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The government is exploring terms by which the UK could still be part of EMA after its departure from the EU, Theresa May said in a key speech on Brexit.
Prime Minister Theresa May highlighted in a key Brexit speech on Mar. 2, 2018 that the government is exploring terms by which the United Kingdom could remain part of European Union agencies, including the European Medicines Agency, after its departure from the EU. “We would, of course, accept that this would mean abiding by the rules of those agencies and making an appropriate financial contribution,” she said.
May pointed out that EMA membership “would mean investment in new innovative medicines continuing in the UK, and it would mean these medicines getting to patients faster as firms prioritize larger markets when they start the lengthy process of seeking authorizations.”
She added that “it would also be good for the EU because the UK regulator assesses more new medicines than any other member state. And the EU would continue to access the expertise of the UK’s world-leading universities.”
The Prime Minister’s announcement was welcomed by the BioIndustry Association (BIA), a trade association for UK bioscience enterprises. “It’s good to see the PM articulating the practical dynamics of our industry…” Steve Bates, CEO of BIA, said in a press statement. He noted that the PM has also listened to BIA members who have consistently made the case that it is strongly in their interest to have a single set of regulatory standards that mean they can sell into the UK and EU markets.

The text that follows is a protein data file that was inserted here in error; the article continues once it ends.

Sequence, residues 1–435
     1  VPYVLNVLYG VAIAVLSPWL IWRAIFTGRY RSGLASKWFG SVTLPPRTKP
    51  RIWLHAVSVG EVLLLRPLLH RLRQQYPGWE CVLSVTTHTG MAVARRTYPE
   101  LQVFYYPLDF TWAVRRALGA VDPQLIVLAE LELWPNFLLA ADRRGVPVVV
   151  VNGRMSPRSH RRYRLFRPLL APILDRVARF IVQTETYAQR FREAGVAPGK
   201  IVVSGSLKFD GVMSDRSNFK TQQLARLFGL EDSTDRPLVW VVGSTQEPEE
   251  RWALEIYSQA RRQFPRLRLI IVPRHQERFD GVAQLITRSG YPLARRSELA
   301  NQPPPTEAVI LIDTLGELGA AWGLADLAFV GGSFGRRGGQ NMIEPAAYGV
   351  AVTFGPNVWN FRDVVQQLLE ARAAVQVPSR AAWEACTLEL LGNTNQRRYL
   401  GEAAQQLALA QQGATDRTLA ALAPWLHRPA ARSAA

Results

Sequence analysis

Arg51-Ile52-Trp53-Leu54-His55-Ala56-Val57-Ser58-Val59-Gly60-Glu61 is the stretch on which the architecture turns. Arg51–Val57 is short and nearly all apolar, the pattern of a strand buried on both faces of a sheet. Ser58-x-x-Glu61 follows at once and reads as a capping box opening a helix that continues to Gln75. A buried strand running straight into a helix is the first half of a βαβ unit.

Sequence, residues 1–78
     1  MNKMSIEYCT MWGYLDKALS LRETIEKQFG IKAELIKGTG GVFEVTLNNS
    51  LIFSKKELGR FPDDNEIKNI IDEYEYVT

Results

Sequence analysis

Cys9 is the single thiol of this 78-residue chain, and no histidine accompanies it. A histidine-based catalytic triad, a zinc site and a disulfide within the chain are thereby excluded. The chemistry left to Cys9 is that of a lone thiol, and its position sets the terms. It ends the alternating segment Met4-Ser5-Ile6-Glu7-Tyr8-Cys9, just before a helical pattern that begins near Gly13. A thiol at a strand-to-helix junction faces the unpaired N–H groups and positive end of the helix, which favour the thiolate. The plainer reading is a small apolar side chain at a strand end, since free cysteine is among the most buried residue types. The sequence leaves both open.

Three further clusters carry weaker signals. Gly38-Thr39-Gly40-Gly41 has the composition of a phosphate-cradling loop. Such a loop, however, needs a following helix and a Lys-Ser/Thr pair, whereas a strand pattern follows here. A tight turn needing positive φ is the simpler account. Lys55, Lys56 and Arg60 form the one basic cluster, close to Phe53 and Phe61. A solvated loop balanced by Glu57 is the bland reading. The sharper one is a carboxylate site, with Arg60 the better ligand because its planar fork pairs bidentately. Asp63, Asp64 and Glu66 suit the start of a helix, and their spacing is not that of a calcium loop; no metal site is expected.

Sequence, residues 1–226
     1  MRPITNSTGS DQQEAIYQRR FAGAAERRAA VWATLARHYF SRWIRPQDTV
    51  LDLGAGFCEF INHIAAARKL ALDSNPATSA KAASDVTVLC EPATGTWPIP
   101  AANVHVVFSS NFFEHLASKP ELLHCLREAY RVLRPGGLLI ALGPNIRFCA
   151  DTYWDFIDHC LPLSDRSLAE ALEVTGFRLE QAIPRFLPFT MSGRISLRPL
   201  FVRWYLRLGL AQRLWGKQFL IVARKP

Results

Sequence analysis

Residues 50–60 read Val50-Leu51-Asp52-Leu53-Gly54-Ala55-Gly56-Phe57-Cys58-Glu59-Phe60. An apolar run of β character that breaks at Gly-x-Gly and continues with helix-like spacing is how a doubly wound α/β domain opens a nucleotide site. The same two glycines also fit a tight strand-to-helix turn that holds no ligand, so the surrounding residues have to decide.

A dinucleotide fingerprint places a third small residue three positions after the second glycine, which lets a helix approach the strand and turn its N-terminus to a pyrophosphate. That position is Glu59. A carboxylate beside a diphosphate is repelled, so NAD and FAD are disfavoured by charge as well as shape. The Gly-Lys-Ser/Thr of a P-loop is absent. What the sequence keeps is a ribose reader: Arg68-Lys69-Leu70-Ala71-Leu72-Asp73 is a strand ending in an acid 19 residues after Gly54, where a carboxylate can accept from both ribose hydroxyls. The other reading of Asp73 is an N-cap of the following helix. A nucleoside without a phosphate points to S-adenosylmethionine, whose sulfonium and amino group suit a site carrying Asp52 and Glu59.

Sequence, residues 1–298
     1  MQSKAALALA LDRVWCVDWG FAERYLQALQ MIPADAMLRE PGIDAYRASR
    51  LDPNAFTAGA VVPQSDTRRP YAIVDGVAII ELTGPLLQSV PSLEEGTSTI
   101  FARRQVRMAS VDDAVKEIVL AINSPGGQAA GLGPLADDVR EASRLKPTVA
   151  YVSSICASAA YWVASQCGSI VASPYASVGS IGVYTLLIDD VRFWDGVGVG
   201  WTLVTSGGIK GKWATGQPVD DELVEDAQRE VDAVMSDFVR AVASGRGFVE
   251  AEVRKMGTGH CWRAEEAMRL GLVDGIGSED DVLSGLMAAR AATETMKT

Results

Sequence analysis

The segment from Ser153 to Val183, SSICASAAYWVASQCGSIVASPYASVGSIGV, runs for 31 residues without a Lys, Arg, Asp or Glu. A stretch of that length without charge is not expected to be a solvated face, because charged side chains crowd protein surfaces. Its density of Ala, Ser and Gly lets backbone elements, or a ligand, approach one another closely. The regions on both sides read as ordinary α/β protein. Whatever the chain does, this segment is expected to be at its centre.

The BIA is pleased that the UK government recognizes the benefits of regulatory cooperation for medicines. Although there is still much work to be done, Bates said that this is a positive step forward on the future of medicines regulation. “It is good to see the PM’s recognition of the importance of ensuring that these products only need to undergo one series of approvals, in one country,” he added.
Regulatory cooperation on medicines between the UK and EU will benefit patients in the UK as well as the 27 EU member states. This is also the UK government’s preferred outcome, as set out by the Health and Business Secretaries in a letter to the Financial Times in July 2017.